“Dior: From Paris to the World” at the Dallas Museum of Art. If you know me at all, you know my first love is fashion. (I say as I write this in pajama bottoms and one of James’s old promotional product t-shirts.) This exhibition was awe inspiring. The clothes were exquisite, and the museum paired vignettes with art from its permanent collection. This is a traveling exhibition, so while it’s leaving Dallas soon, perhaps it will come back to Texas at some point or somewhere close to you.

TV:

Like many other people, we blew through Stranger Things in a day. It’s how we spent our July 4. Did you know that Baskin Robbins did a Stranger Things ice cream tie in? We found “Mind Flayer Mint” at Target and it was delicious (and our minds are still intact. I think.)

Billions. If we didn’t have to work for a living, we probably would have finished the entire series in a week. As it is, we stayed up way too late and ignored much of our other responsibilities and finished it in about three weeks. I regret nothing. The show also includes a lot of real people and places, which was fun to research. If someone hasn’t put together a Billions tour of NYC, they should.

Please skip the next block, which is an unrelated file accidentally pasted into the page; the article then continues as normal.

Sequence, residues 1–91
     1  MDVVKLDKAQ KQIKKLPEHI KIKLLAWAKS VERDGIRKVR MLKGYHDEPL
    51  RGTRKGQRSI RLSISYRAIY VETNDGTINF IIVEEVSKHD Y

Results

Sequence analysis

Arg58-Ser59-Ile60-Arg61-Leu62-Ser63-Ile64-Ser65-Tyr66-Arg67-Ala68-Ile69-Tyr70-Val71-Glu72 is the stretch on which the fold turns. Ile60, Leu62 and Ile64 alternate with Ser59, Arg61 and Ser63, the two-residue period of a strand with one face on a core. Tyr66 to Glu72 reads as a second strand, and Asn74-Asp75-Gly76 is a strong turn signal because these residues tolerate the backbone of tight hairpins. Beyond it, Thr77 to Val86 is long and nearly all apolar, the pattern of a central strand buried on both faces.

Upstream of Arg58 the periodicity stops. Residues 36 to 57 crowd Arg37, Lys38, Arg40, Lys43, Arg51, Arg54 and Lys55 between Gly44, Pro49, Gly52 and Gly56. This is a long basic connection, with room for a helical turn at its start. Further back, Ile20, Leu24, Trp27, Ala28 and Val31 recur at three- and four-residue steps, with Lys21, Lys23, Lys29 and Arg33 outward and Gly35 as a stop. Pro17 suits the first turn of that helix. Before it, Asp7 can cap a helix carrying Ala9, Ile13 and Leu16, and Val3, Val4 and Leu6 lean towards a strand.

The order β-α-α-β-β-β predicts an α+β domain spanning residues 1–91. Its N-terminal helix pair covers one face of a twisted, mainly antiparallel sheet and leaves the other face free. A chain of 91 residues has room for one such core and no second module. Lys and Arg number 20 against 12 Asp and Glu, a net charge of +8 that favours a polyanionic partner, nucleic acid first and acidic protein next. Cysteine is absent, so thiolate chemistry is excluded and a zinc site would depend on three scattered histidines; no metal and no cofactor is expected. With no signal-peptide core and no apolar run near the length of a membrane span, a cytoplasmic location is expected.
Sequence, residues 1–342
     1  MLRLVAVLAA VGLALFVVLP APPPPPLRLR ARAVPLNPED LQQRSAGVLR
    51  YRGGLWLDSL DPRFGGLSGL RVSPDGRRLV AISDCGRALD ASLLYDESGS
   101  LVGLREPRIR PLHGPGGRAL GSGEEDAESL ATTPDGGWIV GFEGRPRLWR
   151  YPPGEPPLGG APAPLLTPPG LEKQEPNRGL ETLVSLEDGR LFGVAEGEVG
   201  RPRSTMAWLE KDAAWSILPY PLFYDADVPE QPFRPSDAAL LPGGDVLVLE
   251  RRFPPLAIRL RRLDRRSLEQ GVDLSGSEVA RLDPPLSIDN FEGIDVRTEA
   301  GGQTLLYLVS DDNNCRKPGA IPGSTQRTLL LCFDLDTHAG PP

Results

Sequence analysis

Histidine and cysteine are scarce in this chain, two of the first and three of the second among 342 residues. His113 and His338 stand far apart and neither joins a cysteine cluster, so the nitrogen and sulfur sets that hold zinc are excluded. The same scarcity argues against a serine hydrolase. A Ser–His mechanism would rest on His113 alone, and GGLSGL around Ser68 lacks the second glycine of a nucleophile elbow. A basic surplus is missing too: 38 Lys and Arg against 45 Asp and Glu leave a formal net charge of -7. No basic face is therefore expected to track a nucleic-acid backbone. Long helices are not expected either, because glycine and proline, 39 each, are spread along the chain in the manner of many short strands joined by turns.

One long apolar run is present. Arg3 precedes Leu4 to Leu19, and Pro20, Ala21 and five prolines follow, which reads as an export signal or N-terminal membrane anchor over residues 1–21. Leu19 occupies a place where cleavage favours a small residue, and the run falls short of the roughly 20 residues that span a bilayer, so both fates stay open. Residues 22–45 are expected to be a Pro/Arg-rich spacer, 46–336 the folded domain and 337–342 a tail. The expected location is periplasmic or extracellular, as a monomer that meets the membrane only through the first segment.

Derry Girls is like if the Pine Curtain Stories were set in Ireland during The Troubles (1990s). I see so much of myself and my friends in these young ladies. It is so funny, and it’s a “clean” show that promotes friendship and family, with just a little edge, so I’d recommend it for mature teenagers as well.

We are watching Four Weddings and a Funeral now, and it’s pretty cute. I could watch it with the sound turned off and be perfectly happy because I just love anything that Mindy Kaling influences, especially in terms of clothing and set design. This is one I watch and Google for outfit info at the same time. (While James sits beside me and Googles cheap flights to London. We experience aspirational TV in different ways.)

Books:

2018 was “The Summer of Scam” and now the tell-all books are starting to publish. “My Friend Anna” by Rachel DeLoache Williams was the first one I read, and it was perfection. On one hand, I don’t really understand how she got away with it, but on the other hand, maybe she really was just that good (or bad.) The book made it seem so easy to get swept up in Anna Delvey’s lifestyle and lose control of the situation.